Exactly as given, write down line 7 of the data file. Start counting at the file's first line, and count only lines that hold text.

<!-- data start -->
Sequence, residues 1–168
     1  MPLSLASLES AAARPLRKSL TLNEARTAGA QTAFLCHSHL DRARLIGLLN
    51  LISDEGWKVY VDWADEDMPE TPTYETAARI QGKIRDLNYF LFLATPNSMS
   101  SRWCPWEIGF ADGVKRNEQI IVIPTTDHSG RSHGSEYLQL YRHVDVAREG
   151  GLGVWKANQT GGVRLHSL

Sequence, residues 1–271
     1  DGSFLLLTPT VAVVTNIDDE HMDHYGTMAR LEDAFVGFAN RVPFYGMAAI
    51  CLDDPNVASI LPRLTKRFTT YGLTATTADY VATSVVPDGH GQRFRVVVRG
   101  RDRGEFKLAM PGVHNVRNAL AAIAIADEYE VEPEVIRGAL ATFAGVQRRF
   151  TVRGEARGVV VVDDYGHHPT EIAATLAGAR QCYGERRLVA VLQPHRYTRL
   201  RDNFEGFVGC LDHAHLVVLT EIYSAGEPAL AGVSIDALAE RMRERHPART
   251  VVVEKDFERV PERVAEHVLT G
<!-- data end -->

     1  DGSFLLLTPT VAVVTNIDDE HMDHYGTMAR LEDAFVGFAN RVPFYGMAAI